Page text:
Lessons from the Sage data leak

UK software giant Sage this week admitted that a user with internal login credentials had gained access to customer data on the company’s network. Although public details remain vague for now, Sage has contacted its customers and made a disclosure to the Information Commissioner’s Office that acts as a watchdog on data protection and privacy matters.

“We believe there has been some unauthorised access using an internal login to the data of a small number of our UK customers so we are working closely with the authorities to investigate the situation,” the Newcastle, England-headquartered firm said in a statement.

“Our customers are always our first priority so we are communicating directly with those who may be affected and giving guidance on measures they can take to protect their security. Please note this issue does not affect any customers in other countries.”

As a key supplier to UK small and medium-sized businesses Sage has a huge impact on the way accounting and business management is handled across a vast number of firms. I spoke to Stuart Clarke, chief technology officer of cybersecurity at Nuix, about the lessons to be learned.

Despite the “distinct lack of facts” currently in the public domain, Clarke says the case “looks to be an insider threat” and praised the fact that Sage appears to have publicised the incident quickly.

Insider threats are, of course, nothing new. Before the World Wide Web, the notion that insider threats were the most serious challenges to information security was generally acknowledged to be true. With the advent of the web, media attention moved on to juicy new topics such as phishing, state-sponsored attacks, denial-of-service takedowns, hacktivism and so on. But the insider threat regained stature in dramatic fashion with the Edward Snowden PRISM disclosures.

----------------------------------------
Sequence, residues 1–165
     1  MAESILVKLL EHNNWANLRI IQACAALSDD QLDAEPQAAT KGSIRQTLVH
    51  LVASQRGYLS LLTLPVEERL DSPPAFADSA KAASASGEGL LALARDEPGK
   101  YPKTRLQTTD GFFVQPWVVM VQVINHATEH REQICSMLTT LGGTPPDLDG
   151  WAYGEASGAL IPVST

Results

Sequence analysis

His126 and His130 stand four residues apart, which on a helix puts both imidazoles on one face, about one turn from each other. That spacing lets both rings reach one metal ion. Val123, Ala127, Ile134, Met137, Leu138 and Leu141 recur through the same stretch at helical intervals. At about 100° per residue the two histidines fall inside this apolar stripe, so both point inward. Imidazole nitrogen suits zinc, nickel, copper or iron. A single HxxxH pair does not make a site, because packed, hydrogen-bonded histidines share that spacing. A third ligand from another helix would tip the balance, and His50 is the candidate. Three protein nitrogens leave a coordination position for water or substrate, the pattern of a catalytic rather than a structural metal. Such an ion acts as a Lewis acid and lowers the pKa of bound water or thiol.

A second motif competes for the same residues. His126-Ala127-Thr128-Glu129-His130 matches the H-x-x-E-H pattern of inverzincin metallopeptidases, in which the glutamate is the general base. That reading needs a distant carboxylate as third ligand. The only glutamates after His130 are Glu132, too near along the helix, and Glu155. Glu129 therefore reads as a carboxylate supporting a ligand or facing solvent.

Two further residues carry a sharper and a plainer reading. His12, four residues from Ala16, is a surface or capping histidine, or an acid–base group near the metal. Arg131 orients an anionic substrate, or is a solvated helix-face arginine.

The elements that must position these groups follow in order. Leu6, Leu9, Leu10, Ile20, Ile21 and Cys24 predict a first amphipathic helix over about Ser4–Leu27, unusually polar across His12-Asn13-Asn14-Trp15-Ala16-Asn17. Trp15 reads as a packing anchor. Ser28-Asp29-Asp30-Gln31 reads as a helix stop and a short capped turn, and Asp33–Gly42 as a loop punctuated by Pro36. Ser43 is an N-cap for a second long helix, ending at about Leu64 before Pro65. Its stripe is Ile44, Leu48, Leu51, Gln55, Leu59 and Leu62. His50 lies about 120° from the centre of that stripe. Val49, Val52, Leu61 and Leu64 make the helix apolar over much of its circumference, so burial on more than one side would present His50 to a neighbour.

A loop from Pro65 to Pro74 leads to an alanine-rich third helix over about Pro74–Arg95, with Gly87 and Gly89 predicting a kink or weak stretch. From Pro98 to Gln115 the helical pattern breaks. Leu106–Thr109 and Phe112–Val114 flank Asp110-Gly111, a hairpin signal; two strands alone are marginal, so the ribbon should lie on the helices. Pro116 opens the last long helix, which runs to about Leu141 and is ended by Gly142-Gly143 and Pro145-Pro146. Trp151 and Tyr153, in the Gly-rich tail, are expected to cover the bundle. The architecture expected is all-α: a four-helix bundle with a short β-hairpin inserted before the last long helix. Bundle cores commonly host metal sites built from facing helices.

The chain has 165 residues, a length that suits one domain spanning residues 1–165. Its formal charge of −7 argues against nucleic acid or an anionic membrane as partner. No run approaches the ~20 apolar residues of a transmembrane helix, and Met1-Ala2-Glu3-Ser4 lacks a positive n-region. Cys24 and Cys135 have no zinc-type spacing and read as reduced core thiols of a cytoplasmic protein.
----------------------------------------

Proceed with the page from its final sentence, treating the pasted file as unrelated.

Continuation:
“Insiders are trusted individuals that have access to the ‘crown jewels’,” Clarke says. “The lesson here is to get your house in order and realise that while, traditionally, security has been about perimeter defences, it also has to be about protecting from the inside.”

Regular auditing, encryption and data segmentation should all be part of a holistic approach to security, Clarke says, so that in the event of a breach at least companies know the likely impact and size of the issue. “Nobody is immune to a breach but it’s important that in the event I do get breached that I know the scale of the threat.”

However, Clarke also warns against attempts to take a ‘control everything’ approach, saying that so-called ROT (residual, obsolete and trivial) data can be a distraction.

“You can do a huge amount of logging and monitoring but if you don’t know what you’re logging, you’re generating a huge amount of noise,” he adds.

Clarke also calls for better understanding of insider threats. Research on the nature of insiders who create problems is thin on the ground – although there are some academic studies – beyond the sense that they often feel overlooked or underappreciated by their employers. At a minimum, security experts should watch out for changes in behaviour patterns such as the employee who suddenly breaks from established routine in their working hours, for example.

“It’s hard to profile but there are certainly trigger points,” Clarke says. “We’ve traditionally tried to solve these problems with technology but its more about behaviour anomaly. But there’s a lot more we can do in understanding to be done in this area and [part of the challenge is] finding out how people are feeling and realising that individuals need to feel valued.”

Anybody who thinks they might be affected by the Sage breach should change passwords and credentials and then continue to do so in future on a regular basis, Clarke says, while monitoring their business accounts especially carefully. As for Sage, potential penalties could be based on the seriousness of the breach and how many people have been affected but there has been more evidence against the notion that breaches will have a catastrophic effect on the company that has been affected. After a dip, the firm’s share price is today trading at close to its valuation before the incident was reported.



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Martin Veitch

Martin Veitch is Contributing Editor for IDG Connect

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